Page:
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E-Poster Display

1394P - Deep learning model to predict clinical outcomes in patients with advanced non-small cell lung cancer treated with immune checkpoint inhibitors

Date

17 Sep 2020

Session

E-Poster Display

Presenters

Arielle Elkrief

Citation

Annals of Oncology (2020) 31 (suppl_4): S754-S840. 10.1016/annonc/annonc283

Authors

A. Elkrief1, K. Phan2, L. Di Jorio2, R. Simpson2, M. Chassé3, J. Malo1, C. Richard1, M. Kosyakov2, F. Chandelier2, K. Kafi2, B. Routy1

Author affiliations

  • 1 Oncology, Centre de recherche de l'Université de Montréal, H2X 0A9 - Montreal/CA
  • 2 Research Institute, Imagia, H2S3G9 - Montreal/CA
  • 3 Medicine, Centre de recherche de l'Université de Montréal, H2X 0A9 - Montreal/CA
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Resources

Abstract 1394P

Background

Immune checkpoint inhibitors (ICI) represent a major change in non-small cell lung cancer (NSCLC) treatment, however robust biomarkers are needed. Emerging data suggest that features discovered by deep learning (DL) models from CT scan images using artificial intelligence (AI) algorithms can accurately predict outcomes. In this study, our objective was to explore the potential of AI-based DL radiomics models in patients with advanced NSCLC treated with ICI.

Methods

Pre-ICI CT scans were obtained from n=141 patients with advanced NSCLC. Primary lung cancer lesions were annotated using Weasis medical viewer. PyRadiomics analyses were performed using published known open-source algorithms. In parallel, DeepRadiomics based on convolutional AI neural networks using the Imagia Evidens platform were used. Algorithms were designed by incorporating the baseline clinical characteristics and DL-features in multivariate models to predict overall-response rate (ORR), progression-free survival (PFS) and overall survival (OS).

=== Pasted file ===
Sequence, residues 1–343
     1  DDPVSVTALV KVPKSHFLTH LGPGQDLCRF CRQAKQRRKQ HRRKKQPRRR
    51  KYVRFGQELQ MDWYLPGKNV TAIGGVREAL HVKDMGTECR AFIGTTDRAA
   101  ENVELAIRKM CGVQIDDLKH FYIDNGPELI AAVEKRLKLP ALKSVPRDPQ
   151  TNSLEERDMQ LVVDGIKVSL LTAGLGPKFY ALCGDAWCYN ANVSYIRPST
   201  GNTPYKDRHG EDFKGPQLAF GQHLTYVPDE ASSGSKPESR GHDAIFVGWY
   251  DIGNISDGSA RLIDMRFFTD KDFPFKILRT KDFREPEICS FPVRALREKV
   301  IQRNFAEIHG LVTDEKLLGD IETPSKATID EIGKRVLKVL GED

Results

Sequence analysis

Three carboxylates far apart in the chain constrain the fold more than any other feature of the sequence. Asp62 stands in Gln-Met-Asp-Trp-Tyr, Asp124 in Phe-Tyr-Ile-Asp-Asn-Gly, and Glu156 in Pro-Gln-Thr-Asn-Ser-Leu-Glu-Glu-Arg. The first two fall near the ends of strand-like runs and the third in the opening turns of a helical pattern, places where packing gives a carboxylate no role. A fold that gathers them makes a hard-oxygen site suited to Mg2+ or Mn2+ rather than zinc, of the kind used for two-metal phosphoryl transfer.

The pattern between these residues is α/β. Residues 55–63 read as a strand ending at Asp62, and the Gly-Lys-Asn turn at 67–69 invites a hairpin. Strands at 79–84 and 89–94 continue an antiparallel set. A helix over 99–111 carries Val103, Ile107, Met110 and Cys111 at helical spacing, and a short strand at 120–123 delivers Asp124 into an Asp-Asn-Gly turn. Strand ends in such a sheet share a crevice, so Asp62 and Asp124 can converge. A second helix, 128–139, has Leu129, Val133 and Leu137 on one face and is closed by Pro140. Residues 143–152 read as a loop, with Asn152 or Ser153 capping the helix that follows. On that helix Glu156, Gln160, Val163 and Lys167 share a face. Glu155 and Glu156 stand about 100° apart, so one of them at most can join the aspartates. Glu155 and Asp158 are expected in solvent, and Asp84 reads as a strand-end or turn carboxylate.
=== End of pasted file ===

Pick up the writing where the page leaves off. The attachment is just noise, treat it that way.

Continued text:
Results

Clinical characteristics (area under the receiver operating characteristic curve [AUC] 0.63, 95%CI 0.53-0.73) or PyRadiomics (AUC 0.67, 95%CI 0.57-0.77) alone were moderately predictive of ORR whereas DeepRadiomics, combined with clinical characteristics, had an AUC of 0.78 (95%CI 0.70-0.85). At a median follow-up of 50 weeks, the association between PFS and clinical characteristics was comparable to that of DeepRadiomics. Further, PFS prediction was not improved when clinical characteristics were combined with DeepRadiomics. With respect to OS, seven DeepRadiomics features were associated with increased hazard of death (HR 1.72-11.50; all p<0.05) while 6 were associated with a decreased hazard (HR 0.08-0.52); p<0.05). Of these 13 features, 11 maintained their association with OS after adjustment with clinical characteristics.

Conclusions

These preliminary results reveal the potential of deep learning methods to improve upon standard predictive factors for ICI response. Using DeepRadiomics features to predict clinical outcomes may represent a novel clinical approach in the immuno-oncology arena.

Clinical trial identification

Editorial acknowledgement

Legal entity responsible for the study

Centre de recherche de l'Université de Montréal.

Funding

Centre de recherche de l'Université de Montréal.

Disclosure

A. Elkrief: Research grant/Funding (institution), Not related to submitted work.: AstraZeneca. K. Phan, L. Di Jorio, R. Simpson, M. Kosyakov, F. Chandelier, K. Kafi: Full/Part-time employment: Imagia. B. Routy: Research grant/Funding (institution): Imagia. All other authors have declared no conflicts of interest.

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